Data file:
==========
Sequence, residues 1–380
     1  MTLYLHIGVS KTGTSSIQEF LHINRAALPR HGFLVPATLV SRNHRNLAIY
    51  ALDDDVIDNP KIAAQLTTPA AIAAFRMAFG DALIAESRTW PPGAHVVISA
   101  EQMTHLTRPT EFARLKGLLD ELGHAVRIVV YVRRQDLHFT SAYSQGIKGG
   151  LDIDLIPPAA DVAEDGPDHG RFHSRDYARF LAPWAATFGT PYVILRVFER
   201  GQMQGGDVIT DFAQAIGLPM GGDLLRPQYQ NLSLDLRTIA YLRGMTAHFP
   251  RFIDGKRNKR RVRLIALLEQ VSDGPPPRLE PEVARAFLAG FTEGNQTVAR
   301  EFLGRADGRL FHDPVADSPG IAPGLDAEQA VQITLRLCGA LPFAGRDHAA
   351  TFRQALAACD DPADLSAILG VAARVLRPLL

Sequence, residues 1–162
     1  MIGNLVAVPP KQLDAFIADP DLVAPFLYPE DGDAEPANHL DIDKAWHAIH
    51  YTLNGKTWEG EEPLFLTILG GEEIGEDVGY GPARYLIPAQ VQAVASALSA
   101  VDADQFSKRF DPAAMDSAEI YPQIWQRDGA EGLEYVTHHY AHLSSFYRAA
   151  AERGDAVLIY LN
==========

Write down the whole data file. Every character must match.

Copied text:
Sequence, residues 1–380
     1  MTLYLHIGVS KTGTSSIQEF LHINRAALPR HGFLVPATLV SRNHRNLAIY
    51  ALDDDVIDNP KIAAQLTTPA AIAAFRMAFG DALIAESRTW PPGAHVVISA
   101  EQMTHLTRPT EFARLKGLLD ELGHAVRIVV YVRRQDLHFT SAYSQGIKGG
   151  LDIDLIPPAA DVAEDGPDHG RFHSRDYARF LAPWAATFGT PYVILRVFER
   201  GQMQGGDVIT DFAQAIGLPM GGDLLRPQYQ NLSLDLRTIA YLRGMTAHFP
   251  RFIDGKRNKR RVRLIALLEQ VSDGPPPRLE PEVARAFLAG FTEGNQTVAR
   301  EFLGRADGRL FHDPVADSPG IAPGLDAEQA VQITLRLCGA LPFAGRDHAA
   351  TFRQALAACD DPADLSAILG VAARVLRPLL

Sequence, residues 1–162
     1  MIGNLVAVPP KQLDAFIADP DLVAPFLYPE DGDAEPANHL DIDKAWHAIH
    51  YTLNGKTWEG EEPLFLTILG GEEIGEDVGY GPARYLIPAQ VQAVASALSA
   101  VDADQFSKRF DPAAMDSAEI YPQIWQRDGA EGLEYVTHHY AHLSSFYRAA
   151  AERGDAVLIY LN